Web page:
must all recollect the play of Henry IV.,
when Hotspur, Owen Glendower, and
others, were engaged in portioning out
England. In that scene, Glendower had
taken the Trent for the limit of his
portion; and Hotspur, thinking it would
trench too much upon his portion, said—
"I'll have the current in this place damm'd up;
It shall not wind with such a deep indent,
To rob me of so rich a bottom here."
Glendower, of course, objected, and words
ran high between them; Hotspur was told
he should not anger Owen Glendower, for
Glendower was a friend; on which Hot-
spur, with true English feeling exclaimed-

I'll give thrice so much land


To any well-deserving friend,
But in the way of bargain, mark ye me,
I'll cavil on the ninth part of a hair."

went out to conquer their neighbours, the Samnites. The Roman Consul, who had determined not to retreat, placed his army in such a position, that it was impossible for the army to escape from a victorious enemy, and they had, therefore, no alternative but to conquer. The Roman Consul, in his speech to his soldiers, told them, that the contest would be desperate -that they would have to combat an enemy equally numerous, equally well disciplined, equally provided with arms, and equally full of courage with themselves; but he added, that they had one advantage-quod maxima et ultima erant necessitate superiori. That was the situation of the Ministers-by necessity alone they would be compelled to be victorious; they were to fall or stand by this measure; and they were sure of victory, for they were sure of the public support, and with that support they could not fail. He trusted that they would not be pressed in any way to promise a particular line of conduct. He trusted that his Majesty and his Majesty's Ministers would be enabled to relieve the country from those difficulties in which for a century past it had been involved, and that they would succeed in procuring for the country that representation, without which it was in vain to hope for good government without which a good Government could not go on, and which alone would be able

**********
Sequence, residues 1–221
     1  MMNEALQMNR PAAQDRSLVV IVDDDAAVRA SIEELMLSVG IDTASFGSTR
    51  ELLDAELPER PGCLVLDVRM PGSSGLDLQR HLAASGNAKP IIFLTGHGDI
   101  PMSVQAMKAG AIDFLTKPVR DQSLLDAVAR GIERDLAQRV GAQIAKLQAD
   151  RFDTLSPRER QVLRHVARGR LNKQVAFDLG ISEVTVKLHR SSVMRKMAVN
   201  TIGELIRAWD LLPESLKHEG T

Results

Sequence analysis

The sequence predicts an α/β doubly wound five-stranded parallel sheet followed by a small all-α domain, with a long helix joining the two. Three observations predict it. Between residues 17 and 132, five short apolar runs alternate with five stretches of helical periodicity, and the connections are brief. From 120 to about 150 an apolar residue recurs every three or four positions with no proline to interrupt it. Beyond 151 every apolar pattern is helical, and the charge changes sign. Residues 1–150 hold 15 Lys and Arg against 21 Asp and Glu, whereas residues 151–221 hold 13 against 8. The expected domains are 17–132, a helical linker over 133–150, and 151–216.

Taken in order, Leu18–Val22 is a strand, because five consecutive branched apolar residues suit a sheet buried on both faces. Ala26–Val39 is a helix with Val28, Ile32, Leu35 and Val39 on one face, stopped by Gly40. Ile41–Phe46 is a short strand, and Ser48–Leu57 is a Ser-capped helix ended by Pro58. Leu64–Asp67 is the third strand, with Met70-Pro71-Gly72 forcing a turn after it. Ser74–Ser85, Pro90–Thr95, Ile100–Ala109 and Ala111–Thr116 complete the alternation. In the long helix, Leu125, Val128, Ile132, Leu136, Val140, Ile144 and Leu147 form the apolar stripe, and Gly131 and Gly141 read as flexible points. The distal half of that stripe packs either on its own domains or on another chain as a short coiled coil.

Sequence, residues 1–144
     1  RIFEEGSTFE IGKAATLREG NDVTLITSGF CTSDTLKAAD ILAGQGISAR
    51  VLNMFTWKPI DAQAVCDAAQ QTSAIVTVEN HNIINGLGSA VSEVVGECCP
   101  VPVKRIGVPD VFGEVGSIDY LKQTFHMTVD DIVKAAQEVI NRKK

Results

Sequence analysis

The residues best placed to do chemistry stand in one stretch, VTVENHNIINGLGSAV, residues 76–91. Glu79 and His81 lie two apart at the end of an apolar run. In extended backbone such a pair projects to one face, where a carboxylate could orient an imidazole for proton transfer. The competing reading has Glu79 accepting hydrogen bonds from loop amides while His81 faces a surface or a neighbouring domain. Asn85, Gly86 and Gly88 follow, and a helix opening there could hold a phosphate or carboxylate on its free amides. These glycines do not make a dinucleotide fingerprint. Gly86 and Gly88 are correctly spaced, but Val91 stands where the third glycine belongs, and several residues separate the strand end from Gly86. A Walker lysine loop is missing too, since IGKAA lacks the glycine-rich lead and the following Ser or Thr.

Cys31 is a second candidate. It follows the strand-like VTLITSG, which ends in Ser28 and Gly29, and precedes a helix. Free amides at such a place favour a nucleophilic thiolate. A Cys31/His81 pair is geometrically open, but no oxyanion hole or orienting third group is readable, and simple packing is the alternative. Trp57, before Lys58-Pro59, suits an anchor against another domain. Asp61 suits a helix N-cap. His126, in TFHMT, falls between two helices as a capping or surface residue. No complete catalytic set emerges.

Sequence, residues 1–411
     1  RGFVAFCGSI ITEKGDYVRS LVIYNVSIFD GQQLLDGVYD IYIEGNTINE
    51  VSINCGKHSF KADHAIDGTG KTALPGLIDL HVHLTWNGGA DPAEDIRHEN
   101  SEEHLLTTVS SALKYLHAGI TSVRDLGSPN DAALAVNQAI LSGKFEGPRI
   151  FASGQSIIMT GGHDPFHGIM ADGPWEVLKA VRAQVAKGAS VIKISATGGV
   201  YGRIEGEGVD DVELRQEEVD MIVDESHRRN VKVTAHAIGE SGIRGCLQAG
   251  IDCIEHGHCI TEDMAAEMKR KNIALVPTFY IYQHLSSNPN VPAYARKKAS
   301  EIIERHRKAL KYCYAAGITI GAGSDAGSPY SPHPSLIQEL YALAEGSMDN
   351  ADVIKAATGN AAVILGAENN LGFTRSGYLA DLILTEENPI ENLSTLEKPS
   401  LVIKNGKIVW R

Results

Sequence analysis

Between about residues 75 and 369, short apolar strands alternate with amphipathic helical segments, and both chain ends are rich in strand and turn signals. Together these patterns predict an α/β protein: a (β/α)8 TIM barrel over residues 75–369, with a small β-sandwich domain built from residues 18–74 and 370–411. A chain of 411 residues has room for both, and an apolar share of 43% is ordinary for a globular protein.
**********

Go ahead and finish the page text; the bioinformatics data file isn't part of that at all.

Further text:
Lord Althorp did not think that the wording of petitions from the people in times of great excitement ought to be too strictly looked at. If the hon. Baronet opposite meant to ask him, did he approve of the language of the petition? He was perfectly ready to say he did not. It was language such as he hoped he never approached to himself, and such as he was sure could be of no sort of use in the discussion of political questions. But if the hon. Baronet asked him, did he think that the petition ought to be received in the ordinary manner in which petitions upon important subjects were received, and should be permitted to be printed? That,